LOS ANGELES REVIEW OF BOOKS… The Exegesis of Philip K. Dick
on the career of Philip K. Dick,
up to and including The Exegesis.
Philip K. Dick © Chuck Hodi http://etsy.me/w3JoRt
Philip K. Dick
The Exegesis of Philip K. Dick
Eds. Pamela Jackson and Jonathan Lethem. Houghton Mifflin Harcourt, November 2011. 944 pp.
_____. The Three Stigmata of Palmer Eldritch
1964. Mariner, October 2011. 240 pp.
1969. Mariner, April 2012. 240 pp.
1981. Mariner, October 2011. 288 pp.
_____. The Transmigration of Timothy Archer
1982. Mariner, October 2011. 256 pp.
When Philip K. Dick died in 1982 of a series of strokes brought on by years of overwork and amphetamine abuse, he was seen within the science fiction genre as a cult author of idiosyncratic works treating themes of synthetic selfhood and near-future dystopia, an intriguing if essentially second-rank talent. At the time, he was more popular in France and Japan, which have always had a taste for America’s pop culture detritus, than he was in his native country. Thirty years later, Dick — known to his most avid fans simply by his initials “PKD” — has developed a reputation as, among other things: a baleful chronicler of Bay Area working-class angst, thanks to a series of previously unpublished realist works written during the 1950s and early 1960s, such as Humpty Dumpty in Oakland; a postmodernist avant la lettre, due to his delirious explorations of deliquescent mindscapes in novels like Eye in the Sky and Martian Time-Slip, which Vintage began reprinting in imposing trade paperback editions in 1991; a godfather of cyberpunk via Ridley Scott’s film Blade Runner, adapted from Dick’s 1968 novel Do Androids Dream of Electric Sheep?; and a kind of Gnostic magus gifted with quasi-divine revelations that came to inform his final novels, beginning with VALIS in 1981. During the last decade of his life, Dick produced an 8,000-page opus of theological speculation known simply as the Exegesis, which struggled to come to grips with what seemed to be mystical experiences, and which editors Pamela Jackson and Jonathan Lethem have now culled into Houghton Mifflin’s massive doorstop of a book.
A more appropriate metaphor might be “kitchen sink of a book,” since Dick, an omnivorous autodidact, threw all of his intellectual resources at the problem of deciphering the events he referred to simply as “2-3-74” — because the sequence of hallucinatory revelations commenced in February and March of that fateful year. For those given to psycho-biographical explanations, 1974 was the culmination for Dick of a decade of counterculture paranoia spawned by a hermetic hippie lifestyle and punctuated by occasional flirtations with antiwar protest. Always suspicious of lurking authority, Dick became convinced, during the early 1970s, that he was the focus of a loose-knit, evolving conspiracy linking the IRS, the FBI, Soviet agents, left wing American academics, and the hated Nixon administration. Recovering from oral surgery in February 1974, pumped full of Darvon, lithium, and massive quantities of megavitamins, he began experiencing visual and auditory hallucinations initially sparked by a Christian girl’s fish-icon necklace but eventually taking the form of a pink laser shooting highly coded information into his opened mind during a series of hypnogogic visitations. Over time, the intrepid author developed an elaborate vocabulary to describe the transfiguring effects of these extraterrestrial dispatches. According to this private argot, on 2-3-74 Dick underwent a powerful anamnesis, stimulated by mystical contact with “VALIS” (“Vast Active Living Intelligence System,” sometimes also called “Zebra” or, more simply, “God”), that unshackled his genetic memory, permitting him to see through the “Black Iron Prison” of our world into the “macrometasomacosmos,” the “morphological realm” of the Platonic Eidos, in the process revealing himself to be a “homoplasmate,” an incarnation of the Gnostic Logos subsisting in “orthogonal time.”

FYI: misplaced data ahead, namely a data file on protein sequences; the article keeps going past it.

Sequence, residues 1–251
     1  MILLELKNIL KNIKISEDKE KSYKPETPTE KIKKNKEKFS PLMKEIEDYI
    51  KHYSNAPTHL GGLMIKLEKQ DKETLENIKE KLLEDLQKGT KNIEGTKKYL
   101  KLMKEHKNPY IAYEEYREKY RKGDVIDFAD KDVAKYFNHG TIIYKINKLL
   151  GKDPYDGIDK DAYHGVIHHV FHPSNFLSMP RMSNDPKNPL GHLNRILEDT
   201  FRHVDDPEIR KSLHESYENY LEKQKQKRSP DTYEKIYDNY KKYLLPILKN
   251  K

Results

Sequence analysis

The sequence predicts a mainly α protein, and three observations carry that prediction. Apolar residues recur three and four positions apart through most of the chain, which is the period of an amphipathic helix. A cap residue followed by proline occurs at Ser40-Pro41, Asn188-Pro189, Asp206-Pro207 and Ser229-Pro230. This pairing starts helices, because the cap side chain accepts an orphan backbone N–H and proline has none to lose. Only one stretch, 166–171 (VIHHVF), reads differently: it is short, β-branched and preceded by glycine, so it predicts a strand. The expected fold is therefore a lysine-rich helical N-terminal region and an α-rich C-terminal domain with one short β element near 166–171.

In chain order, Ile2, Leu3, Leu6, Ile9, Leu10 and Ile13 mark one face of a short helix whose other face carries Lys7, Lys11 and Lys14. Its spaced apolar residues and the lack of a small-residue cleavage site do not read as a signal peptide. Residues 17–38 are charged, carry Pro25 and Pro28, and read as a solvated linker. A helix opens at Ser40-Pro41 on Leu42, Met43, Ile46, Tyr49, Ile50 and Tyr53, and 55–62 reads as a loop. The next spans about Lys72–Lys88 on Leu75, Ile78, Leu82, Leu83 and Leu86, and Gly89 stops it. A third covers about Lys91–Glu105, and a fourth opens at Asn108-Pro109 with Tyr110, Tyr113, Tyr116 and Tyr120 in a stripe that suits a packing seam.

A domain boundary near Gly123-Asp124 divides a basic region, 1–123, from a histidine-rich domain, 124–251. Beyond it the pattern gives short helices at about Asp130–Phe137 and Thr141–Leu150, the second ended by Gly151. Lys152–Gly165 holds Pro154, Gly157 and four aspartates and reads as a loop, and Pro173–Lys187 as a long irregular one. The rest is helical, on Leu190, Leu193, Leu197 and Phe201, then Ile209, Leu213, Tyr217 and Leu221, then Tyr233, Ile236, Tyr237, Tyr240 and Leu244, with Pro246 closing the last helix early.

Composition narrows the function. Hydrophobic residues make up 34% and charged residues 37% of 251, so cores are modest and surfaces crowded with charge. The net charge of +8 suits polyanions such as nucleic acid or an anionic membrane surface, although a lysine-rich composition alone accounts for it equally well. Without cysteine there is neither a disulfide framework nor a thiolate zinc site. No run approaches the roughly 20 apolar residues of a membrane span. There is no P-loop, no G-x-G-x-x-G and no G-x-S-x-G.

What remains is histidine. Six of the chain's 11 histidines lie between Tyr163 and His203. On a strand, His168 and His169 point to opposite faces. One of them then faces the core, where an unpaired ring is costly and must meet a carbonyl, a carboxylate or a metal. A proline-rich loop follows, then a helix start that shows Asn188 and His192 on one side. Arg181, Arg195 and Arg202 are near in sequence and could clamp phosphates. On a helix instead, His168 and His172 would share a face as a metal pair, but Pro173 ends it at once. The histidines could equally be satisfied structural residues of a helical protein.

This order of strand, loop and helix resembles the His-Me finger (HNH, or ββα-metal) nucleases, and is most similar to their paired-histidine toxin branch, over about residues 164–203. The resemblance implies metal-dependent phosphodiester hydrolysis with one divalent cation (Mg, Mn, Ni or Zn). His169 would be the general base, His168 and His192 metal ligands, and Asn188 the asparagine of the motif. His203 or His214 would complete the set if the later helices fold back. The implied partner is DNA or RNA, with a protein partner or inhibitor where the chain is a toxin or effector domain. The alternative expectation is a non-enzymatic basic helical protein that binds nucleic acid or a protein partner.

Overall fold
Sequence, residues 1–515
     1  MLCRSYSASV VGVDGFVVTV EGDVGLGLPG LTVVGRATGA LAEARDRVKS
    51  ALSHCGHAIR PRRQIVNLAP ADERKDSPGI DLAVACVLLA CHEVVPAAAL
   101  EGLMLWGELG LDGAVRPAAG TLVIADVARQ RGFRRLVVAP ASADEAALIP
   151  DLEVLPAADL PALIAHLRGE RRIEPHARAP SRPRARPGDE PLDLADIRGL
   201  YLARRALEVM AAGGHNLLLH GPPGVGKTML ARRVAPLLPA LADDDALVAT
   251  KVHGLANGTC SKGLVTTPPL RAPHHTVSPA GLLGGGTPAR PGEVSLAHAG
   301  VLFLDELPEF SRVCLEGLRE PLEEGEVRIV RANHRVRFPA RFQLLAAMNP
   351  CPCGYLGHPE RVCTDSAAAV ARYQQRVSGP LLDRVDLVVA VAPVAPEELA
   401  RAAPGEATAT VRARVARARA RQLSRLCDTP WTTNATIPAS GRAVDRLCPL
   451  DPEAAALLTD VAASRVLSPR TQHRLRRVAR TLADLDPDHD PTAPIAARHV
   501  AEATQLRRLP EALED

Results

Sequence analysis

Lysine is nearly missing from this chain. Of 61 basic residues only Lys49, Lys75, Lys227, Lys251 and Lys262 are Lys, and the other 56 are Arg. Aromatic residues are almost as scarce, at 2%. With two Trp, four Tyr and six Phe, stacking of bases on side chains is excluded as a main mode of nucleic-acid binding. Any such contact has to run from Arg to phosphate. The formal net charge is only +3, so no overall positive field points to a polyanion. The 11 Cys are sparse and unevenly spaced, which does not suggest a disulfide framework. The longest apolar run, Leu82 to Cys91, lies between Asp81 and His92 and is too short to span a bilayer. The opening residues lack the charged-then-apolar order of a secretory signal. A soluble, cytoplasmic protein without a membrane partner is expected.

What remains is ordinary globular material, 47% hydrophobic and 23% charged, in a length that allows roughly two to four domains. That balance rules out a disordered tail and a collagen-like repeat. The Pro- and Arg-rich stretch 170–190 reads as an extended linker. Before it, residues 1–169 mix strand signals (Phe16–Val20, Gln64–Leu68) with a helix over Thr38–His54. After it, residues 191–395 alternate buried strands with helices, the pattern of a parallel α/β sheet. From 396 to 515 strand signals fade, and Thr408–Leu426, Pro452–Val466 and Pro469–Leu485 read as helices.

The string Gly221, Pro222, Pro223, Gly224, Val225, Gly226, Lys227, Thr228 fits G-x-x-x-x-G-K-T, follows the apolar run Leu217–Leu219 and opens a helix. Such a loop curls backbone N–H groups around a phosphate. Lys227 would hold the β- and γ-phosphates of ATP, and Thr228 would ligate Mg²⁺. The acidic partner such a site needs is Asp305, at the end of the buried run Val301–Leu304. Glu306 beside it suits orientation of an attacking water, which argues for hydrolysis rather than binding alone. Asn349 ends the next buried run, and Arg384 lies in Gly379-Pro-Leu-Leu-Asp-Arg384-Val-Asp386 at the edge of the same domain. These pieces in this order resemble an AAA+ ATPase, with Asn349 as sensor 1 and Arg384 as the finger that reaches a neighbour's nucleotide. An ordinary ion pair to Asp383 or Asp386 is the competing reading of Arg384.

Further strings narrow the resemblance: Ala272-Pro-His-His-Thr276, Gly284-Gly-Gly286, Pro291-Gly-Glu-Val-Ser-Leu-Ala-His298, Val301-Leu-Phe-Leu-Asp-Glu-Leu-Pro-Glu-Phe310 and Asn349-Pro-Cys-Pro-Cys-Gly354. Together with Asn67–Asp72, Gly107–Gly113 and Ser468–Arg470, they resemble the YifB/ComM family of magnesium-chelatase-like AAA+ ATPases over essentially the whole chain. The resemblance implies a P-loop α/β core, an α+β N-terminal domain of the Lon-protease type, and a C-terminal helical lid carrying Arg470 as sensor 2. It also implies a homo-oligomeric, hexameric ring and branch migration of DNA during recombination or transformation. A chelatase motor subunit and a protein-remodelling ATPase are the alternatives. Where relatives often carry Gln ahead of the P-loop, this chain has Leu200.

I won’t attempt to translate this complex mash of Greek, Latin, and Phildickian terminology, instead referring curious readers to Jackson and Lethem’s helpful glossary at the end of the book and the excellent annotations coordinated by Erik Davis, as well as to the balanced and compassionate discussion in Lawrence Sutin’s superb 1989 biography, Divine Invasions: A Life of Philip K. Dick. In 1991, Sutin shepherded an earlier version of the Exegesis into print as In Pursuit of VALIS: Selections from the Exegesis, which sifted Dick’s mountain of soul-searching meditations into a modest pile of fragments one quarter the length of the current tome. Published by small-press imprint Underwood Miller, that book’s schizophrenic assembly wavered between scholarly precision and New Age special pleading, with Sutin’s foreword and Jay Kinney’s introduction meticulously tracing connections between the author’s life and the history of Gnostic theology, while Terrence McKenna’s loopy (and shamelessly self-promoting) afterword hailed the text as an emanation of godhood. This New Age connection was not entirely inappropriate: Dick himself, in his 1982 novel The Transmigration of Timothy Archer, flirted with McKenna’s theory that psilocybin mushrooms had been seeded on earth to trigger the psychic evolution of mankind; and one way to view the Exegesis is as a painful testament to the transition of the communal counterculture of the 1960s into the solipsistic ethos of grandiose self-invention characteristic of the 1970s, especially in Dick’s native California.
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